I am grateful to the Minister for that comprehensive reply. Going back a short time in your Lordships’ House to 1953, when the Queen was crowned, some noble Lords may remember that the Archbishop of Canterbury crowned the Queen and she gave a sworn oath to,
“maintain and preserve inviolably the settlement of the Church of England, and the doctrine, discipline and government”,
et cetera. According to the National Secular Society, even since 2002 the proportion of Britons who identify with the Church of England has halved from 31% to 14% and half of British people have no religion. Is it not time for the new monarch, when he comes, to embrace this secular state and perhaps swear an oath to Parliament, as suggested by the UCL Constitution Unit, that he will in all his,
“words and deeds uphold justice, mercy, fairness, equality, understanding and respect for all”,
“Peoples, from all their different backgrounds”?
Is that not the way we should be heading?
My Lords, the noble Lord seeks to amend the Coronation Oath Act 1688. The Act sets out the oath and requires that it is,
“In like manner Adminstred to every King or Queene who shall Succeede”.
While it has been altered to modernise the language and to reflect the territories that have been added and subtracted, the noble Lord’s proposition goes beyond that, raising broader constitutional issues and requiring primary legislation.
Does my noble friend agree that one of the reasons why an established Church should be retained is that its prelates are needed in this House, not least in order to be held to account for the occasional serious lapse, such as the destruction after a deeply flawed investigation of the reputation of the great Bishop George Bell, who died 60 years ago—an investigation castigated by the noble Lord, Lord Carlile, in a report published a year ago, to which the Church has yet to make any redress?
Well, without getting drawn into the second half of my noble friend’s question, I agree with the first half that it is important that the bishops are represented in your Lordships’ House. They add a spiritual dimension to our discussions. They speak with a moral authority that escapes most of us, and they are the only Members of your Lordships’ House with a specific geographical remit.
My Lords, I am grateful to the Minister for his affirmation. When the country came together to commemorate the 100th anniversary of the Armistice earlier this month, the Church of England led events of solemn remembrance and thanksgiving in pretty much every community up and down the land of England. The convening power of the Church in bringing together people of different faiths and none is a central feature of its established status that is greatly valued by those of other faiths, who appreciate such a hospitable establishment. Does the Minister agree that at a time when healing divisions must be a priority in our society, the established Church is a significant force for good?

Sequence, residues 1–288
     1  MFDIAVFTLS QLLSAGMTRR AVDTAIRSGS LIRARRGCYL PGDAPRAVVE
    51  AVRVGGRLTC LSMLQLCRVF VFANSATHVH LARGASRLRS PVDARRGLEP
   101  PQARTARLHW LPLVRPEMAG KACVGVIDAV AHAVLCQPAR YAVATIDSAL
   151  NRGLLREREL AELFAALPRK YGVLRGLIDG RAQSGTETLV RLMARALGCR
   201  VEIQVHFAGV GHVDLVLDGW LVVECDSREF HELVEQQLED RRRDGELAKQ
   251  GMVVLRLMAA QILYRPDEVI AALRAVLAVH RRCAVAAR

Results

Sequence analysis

I wholeheartedly endorse what the right reverend Prelate has said. The bishops seek to heal religious conflict and promote religious tolerance and inclusiveness. He quite rightly points out that on some of the major occasions in the country’s history—coronations, state occasions, other anniversaries and Remembrance Day—it is the Church that has a leading role. It would be sad if that link between Church and state was weakened, and it is not something the other faiths have asked for.
My Lords, I remind the Minister that William Gladstone’s Liberal Party had a programme of constitutional reform that included the disestablishment of the Church in Ireland, Wales and England, an elected second Chamber, the separation of the House of Lords’ judicial function into a Supreme Court, universal suffrage with a fair and open voting system and, for some, abolition of the monarchy. Not all of that programme of constitutional reform has yet been agreed, and I know there are many in this House who are opposed to a number of aspects of it. Meanwhile, can we not be grateful that our national Church—part of that continuing anomaly—does so much work to hold together local communities, in particular working with other faiths, including the new faiths within Britain, and to hold our national community together?
I agree with the noble Lord. Who we are as a country is defined by our Church and our state and the relationship that has been developing over 400 years between them. The Government value that relationship; we think it adds value to both sides and is welcomed by the country. We have no plans to destabilise that relationship.
Would the Minister like to reflect on the undoubted fact that the moral authority in the clergy in Wales is no less than that of the clergy in England, albeit that there has been no established Church in Wales for approximately a century?
The noble Lord is right: the Church in Wales was disestablished in, I think, the 1920s. The four bishops that Wales sent to your Lordships’ House were then assumed by England, and I am sure no one would object to that. He is of course right about the validity of the authority and morality of the Church in Wales.
My Lords, we have had some terrible disasters in the months that have passed. And where do people go with these disasters? They flock to the Church. The Church of England is there to provide a service that all faiths and none find comfort in on these occasions.
My Lords, I am one of those people who is unrepresented, as my noble friend suggested. In my view, the Church of England is hugely important to the nature of this country and in this House as well. Indeed, it is one of the reasons why I am proud to be British.